Sunday, November 11, 2012

3-1/2 Minute Frosting

Some of you may have noticed that Geraldine, my KitchenAid Heavy Duty 5 Qt stand mixer, is often an uncredited star in this blog.  However, after 16 years of faithful service, the wear and tear took their toll on her.  Since she was a graduation present from my parents, it is with no small degree of sentimentality that I say good-bye and usher in her replacement.

That said, because I want to help you all out, I'm going to share here a review of that mixer.  This week, I received a 7-Qt KitchenAid stand mixer, purchased directly from KitchenAid's outlet store as a refurbished model.  I introduce you to Mary Margaret:



Now, I'm no stranger to KitchenAid.  Geraldine and I had been together many years.  And, before that, I was well-acquainted with my mother's 5-qt Heavy Duty model (Geraldine's doppelganger, and the reason I'd wanted one to start with).  These days, my mother owns a 6-qt professional model.  I'll do a little compare/contrast as we go.  Note:  This is an un-influenced review - nobody sent me a free mixer to review (I wish!), nor has offered me anything to say nice stuff.

In order to determine the ins and outs of Mary Margaret, I put her through three little "tests" today:  bread, cake, and icing.  Here we go:

Bread

The fact that my children are on a gluten free diet and therefore I MUST make bread every week is the main reason that I honestly need a stand mixer.  Gluten free bread is nearer a heavy batter than a dough - hand-kneading is NOT gonna happen.  Hand stirring is exhausting.  And less useful.  In my more honest moments, I must admit that Geraldine made heavy weather of bread.  At least a 3-loaf batch, which is my usual method.  On more than one occasion, bits of dough would climb out over the sides or up the beater and onto the stem to which it attaches.  Messy.  I also suspect that the wear from doing this weekly is one of the things that eventually took it's toll.  So... how did Mary Margaret do?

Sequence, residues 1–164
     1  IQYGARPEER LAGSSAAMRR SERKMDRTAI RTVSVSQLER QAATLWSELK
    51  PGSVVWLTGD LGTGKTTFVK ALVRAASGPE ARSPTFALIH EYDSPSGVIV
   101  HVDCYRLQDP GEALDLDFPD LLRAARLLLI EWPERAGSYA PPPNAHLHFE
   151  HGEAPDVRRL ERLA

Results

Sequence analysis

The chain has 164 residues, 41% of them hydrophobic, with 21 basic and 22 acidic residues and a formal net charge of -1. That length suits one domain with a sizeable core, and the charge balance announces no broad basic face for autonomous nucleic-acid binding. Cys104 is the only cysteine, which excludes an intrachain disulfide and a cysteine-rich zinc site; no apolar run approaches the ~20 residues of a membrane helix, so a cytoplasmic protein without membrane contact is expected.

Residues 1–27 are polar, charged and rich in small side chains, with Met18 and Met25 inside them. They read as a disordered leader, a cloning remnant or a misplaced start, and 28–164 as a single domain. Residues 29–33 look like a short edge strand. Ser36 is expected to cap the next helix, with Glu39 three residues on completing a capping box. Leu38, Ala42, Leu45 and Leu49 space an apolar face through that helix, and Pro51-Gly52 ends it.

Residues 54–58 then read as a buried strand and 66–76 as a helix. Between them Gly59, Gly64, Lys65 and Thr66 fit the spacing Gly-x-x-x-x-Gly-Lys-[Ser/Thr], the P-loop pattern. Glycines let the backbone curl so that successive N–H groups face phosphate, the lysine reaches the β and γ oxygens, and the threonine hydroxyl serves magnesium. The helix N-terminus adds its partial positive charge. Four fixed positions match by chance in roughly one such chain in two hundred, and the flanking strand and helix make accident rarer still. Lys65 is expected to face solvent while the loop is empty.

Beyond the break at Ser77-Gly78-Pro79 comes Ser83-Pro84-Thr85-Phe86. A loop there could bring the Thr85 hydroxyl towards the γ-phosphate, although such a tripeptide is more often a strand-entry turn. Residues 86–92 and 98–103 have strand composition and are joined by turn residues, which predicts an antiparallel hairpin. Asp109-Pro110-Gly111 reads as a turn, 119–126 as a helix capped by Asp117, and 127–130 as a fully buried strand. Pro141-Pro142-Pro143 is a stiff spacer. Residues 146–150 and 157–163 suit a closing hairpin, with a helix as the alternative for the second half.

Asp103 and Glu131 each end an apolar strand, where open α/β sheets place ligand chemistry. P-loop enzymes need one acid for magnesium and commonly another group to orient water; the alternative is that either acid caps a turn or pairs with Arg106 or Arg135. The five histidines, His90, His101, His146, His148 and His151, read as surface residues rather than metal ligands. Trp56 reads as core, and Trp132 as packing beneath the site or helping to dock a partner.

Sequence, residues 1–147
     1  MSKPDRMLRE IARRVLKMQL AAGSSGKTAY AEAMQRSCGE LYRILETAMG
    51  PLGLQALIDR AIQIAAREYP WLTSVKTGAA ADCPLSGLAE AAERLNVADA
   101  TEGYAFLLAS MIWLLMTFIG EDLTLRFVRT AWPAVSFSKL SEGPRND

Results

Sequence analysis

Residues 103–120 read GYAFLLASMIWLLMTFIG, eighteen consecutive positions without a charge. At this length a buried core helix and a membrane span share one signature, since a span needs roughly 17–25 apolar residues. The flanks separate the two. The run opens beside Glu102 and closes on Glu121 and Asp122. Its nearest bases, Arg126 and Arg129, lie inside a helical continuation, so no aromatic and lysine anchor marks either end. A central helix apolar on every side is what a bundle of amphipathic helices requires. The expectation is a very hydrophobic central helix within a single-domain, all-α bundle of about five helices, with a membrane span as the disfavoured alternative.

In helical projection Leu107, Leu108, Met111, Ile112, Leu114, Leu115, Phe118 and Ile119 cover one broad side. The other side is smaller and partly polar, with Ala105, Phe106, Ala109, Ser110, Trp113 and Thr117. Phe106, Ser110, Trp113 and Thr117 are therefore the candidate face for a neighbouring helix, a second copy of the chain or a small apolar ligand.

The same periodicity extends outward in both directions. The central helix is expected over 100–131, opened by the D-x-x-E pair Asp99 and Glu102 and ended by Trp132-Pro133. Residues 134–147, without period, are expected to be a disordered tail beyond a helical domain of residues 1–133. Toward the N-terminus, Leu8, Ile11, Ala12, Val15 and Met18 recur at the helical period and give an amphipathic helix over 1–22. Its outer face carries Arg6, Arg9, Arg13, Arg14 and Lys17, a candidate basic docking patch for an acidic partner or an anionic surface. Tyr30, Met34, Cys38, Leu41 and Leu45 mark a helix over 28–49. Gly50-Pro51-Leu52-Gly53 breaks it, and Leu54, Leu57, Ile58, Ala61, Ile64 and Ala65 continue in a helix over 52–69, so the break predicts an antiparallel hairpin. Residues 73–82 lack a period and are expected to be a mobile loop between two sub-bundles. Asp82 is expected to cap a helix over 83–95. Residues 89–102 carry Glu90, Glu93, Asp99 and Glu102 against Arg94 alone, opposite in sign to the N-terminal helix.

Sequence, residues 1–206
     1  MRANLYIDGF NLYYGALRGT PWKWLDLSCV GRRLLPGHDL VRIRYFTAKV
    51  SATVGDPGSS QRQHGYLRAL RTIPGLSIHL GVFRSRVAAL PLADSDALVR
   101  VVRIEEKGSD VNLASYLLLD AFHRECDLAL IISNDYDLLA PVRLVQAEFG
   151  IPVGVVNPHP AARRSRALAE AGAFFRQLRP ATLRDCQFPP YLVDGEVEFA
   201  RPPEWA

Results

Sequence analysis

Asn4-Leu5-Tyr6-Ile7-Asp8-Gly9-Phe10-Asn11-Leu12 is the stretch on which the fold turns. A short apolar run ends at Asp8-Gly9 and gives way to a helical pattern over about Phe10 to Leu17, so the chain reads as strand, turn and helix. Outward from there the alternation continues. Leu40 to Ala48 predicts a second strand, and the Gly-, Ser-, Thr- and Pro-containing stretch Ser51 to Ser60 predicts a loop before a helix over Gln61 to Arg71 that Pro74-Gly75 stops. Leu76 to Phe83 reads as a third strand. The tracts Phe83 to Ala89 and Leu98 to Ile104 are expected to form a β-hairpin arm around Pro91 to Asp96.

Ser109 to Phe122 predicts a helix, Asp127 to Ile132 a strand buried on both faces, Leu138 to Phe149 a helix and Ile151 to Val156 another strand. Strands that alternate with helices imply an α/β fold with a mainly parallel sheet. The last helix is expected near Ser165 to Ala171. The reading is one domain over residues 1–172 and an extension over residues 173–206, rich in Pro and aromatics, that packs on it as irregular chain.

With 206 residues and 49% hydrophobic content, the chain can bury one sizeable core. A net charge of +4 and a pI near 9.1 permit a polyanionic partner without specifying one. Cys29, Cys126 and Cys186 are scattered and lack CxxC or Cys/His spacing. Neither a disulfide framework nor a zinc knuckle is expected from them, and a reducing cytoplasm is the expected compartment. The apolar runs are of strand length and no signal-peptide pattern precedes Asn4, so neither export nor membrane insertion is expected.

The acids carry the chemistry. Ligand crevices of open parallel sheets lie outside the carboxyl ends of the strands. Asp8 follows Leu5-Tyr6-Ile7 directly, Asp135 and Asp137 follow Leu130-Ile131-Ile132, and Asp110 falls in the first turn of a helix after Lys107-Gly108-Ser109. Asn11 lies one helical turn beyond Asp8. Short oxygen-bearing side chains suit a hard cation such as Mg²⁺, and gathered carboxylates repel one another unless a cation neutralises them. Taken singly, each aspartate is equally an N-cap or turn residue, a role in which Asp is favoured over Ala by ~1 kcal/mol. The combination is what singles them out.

The first thing I noticed is that the dry ingredients for a batch of bread fit much more comfortably in the 7-qt bowl.
  On placing the bowl in the mixer, and starting it up, I got my first real taste of Mary Margaret's "soft start" feature - the beater begins slowly, so there is no cloud of flour thrown up.  Another bonus?  All that extra room in the bowl meant that the eggs were less likely to be thrown back out as the dough moved around the bowl.  (Yep, that happened more than once with Geraldine).  Quiet?  Not especially, though no more noisy than the Heavy Duty.  I did notice that the 7-qt model does seem to shake and shimmy around the countertop just a little when turned up to medium speed.  The batter blended quite evenly, and in a shorter time than I'm used to:

The capacity again was a nice change of pace.  Even when fully risen, the dough is well inside the bowl, with plenty of room to stir it down.  I'll have to adjust my "eye" for when it IS fully risen - because in the 5-qt bowl that was just level with the upper edge!

As I poured the batter into the loaf pans, I also noticed that the consistency is uniform throughout, with no denser material being left along the walls.  (I didn't scrape it down because I wanted to check this.)

So, for bread, a fair success.  (At some point, I'll probably stir up a batch of wheat flour-based pizza dough for my husband and I, and get a chance to check the dough hook.  I have yet to be able to really come up with a gluten free recipe that acts as a real dough, rather than as a heavy batter.).